How a T-Shirt Made Its Way to an Exhibit About Los Angeles Jews

Author Makes Personal Contribution to the Autry

Fitting Exhibit to a T: Two nembers of the Whittier Havurah in 1975 sport a t-shirt design that has wound up in the Autry National Center nearly forty years later.
Courtesy of Rex Weiner
Fitting Exhibit to a T: Two nembers of the Whittier Havurah in 1975 sport a t-shirt design that has wound up in the Autry National Center nearly forty years later.

By Rex Weiner

Published June 01, 2013, issue of June 07, 2013.
  • Print
  • Share Share
  • Single Page

It’s just a t-shirt hanging on the wall in a corner of the Autry Museum’s new exhibition, Jews in the Los Angeles Mosaic. Although a few artifacts of that nature exist on the bottom of my dresser drawer, it’s not my t-shirt—but I feel a sense of ownership about this one.

Within the Autry’s excellent panoramic view of the L.A.’s Jewish history—a city whose Jews gave Hollywood movies to the world, along with Barbie dolls, Herb Alpert’s Tijuana Brass and Nudie Cohn’s sequined Western wear, not to mention the Dodgers stolen from Brooklyn and Sandy Koufax pitching his perfect game—the framed t-shirt represents my personal addition to the Mosaic.

It found its way into the exhibition through an article I’d written for the Forward. The story was about a group that flourished in the West Coast suburban Jewish culture of 1950s and 60s. Located in the small community of Whittier, south of L.A., they called themselves the Whittier Havurah.

In the post-WW II era they were the city’s newest residents; highly educated, intellectually-driven men and women with college degrees, mostly first or second generation Jews. They were doctors, businessmen, housewives, teachers, entrepreneurs, and engineers, many of whom worked in the aerospace industry that was once based in the area, some of them key figures in the Apollo space program that put Americans on the moon.

They met in each other’s living rooms, seeking a Jewish way of life that matched their passionate curiosity and fierce intellects, happy to escape the old neighborhoods and old world ways of the East. “We loved Judaism, studied it and read intensively,” recalled Rosalind Perle, a Havurah member, “but could not abide with the ‘hocus pocus’ part.” With thriving young families in a booming California that celebrated youth, the Whittier Jews rejuvenated their faith.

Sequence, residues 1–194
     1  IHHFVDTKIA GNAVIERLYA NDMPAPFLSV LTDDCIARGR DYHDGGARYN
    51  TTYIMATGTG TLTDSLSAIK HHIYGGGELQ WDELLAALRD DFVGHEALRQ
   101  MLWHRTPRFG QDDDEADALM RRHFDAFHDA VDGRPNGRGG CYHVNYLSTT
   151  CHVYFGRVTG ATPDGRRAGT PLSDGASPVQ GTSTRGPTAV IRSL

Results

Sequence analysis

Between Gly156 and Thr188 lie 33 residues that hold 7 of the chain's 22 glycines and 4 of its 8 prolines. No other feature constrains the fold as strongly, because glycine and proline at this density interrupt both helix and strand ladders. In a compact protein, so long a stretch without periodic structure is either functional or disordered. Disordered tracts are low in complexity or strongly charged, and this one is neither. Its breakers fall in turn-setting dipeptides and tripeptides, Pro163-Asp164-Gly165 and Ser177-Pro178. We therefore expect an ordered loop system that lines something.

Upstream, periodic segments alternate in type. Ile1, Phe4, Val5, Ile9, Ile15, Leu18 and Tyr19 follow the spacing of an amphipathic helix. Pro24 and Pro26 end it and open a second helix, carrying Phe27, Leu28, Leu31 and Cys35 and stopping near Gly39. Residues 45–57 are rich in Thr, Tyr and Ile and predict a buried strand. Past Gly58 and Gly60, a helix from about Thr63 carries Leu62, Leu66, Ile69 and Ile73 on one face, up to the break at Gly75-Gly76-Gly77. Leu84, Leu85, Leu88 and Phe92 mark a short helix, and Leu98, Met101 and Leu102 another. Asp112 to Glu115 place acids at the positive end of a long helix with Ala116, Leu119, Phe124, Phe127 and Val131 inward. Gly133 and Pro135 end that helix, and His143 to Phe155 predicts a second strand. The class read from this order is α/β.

Annual retreats to Camp Ramah, holiday gatherings, potluck dinners and study groups attracted more and more members to the Whittier Havurah. At its apex, the group grew much too large for anyone’s living room and numerous enough to consider forming its own synagogue under the Reconstructionist umbrella. Indeed, Reconstructionist Rabbi Mordecai Kaplan visited the group, acknowledging its influence on the movement he’d founded. “At one point,” one member told me, “it was thought that the children would carry on.”

But that never happened. A decision was made to leave bricks and mortar to the synagogues and allow life to run its natural course.


The Jewish Daily Forward welcomes reader comments in order to promote thoughtful discussion on issues of importance to the Jewish community. In the interest of maintaining a civil forum, The Jewish Daily Forwardrequires that all commenters be appropriately respectful toward our writers, other commenters and the subjects of the articles. Vigorous debate and reasoned critique are welcome; name-calling and personal invective are not. While we generally do not seek to edit or actively moderate comments, our spam filter prevents most links and certain key words from being posted and The Jewish Daily Forward reserves the right to remove comments for any reason.





Find us on Facebook!
  • “I don’t want to say, ‘Oh oh, I’m not Jewish,’ because when you say that, you sound like someone trying to get into a 1950s country club, “and I love the idea of being Jewish." Are you a fan of Seth Meyers?
  • "If you want my advice: more Palestinians, more checkpoints, just more reality." What do you think?
  • Happy birthday Barbra Streisand! Our favorite Funny Girl turns 72 today.
  • Clueless parenting advice from the star of "Clueless."
  • Why won't the city give an answer?
  • BREAKING NEWS: Israel has officially suspended peace talks with the Palestinians.
  • Can you guess what the most boring job in the army is?
  • What the foolish rabbi of Chelm teaches us about Israel and the Palestinian unity deal:
  • Mazel tov to Idina Menzel on making Variety "Power of Women" cover! http://jd.fo/f3Mms
  • "How much should I expect him and/or ask him to participate? Is it enough to have one parent reciting the prayers and observing the holidays?" What do you think?
  • New York and Montreal have been at odds for far too long. Stop the bagel wars, sign our bagel peace treaty!
  • Really, can you blame them?
  • “How I Stopped Hating Women of the Wall and Started Talking to My Mother.” Will you see it?
  • Taglit-Birthright Israel is redefining who they consider "Jewish" after a 17% drop in registration from 2011-2013. Is the "propaganda tag" keeping young people away?
  • Happy birthday William Shakespeare! Turns out, the Bard knew quite a bit about Jews.
  • from-cache

Would you like to receive updates about new stories?




















We will not share your e-mail address or other personal information.

Already subscribed? Manage your subscription.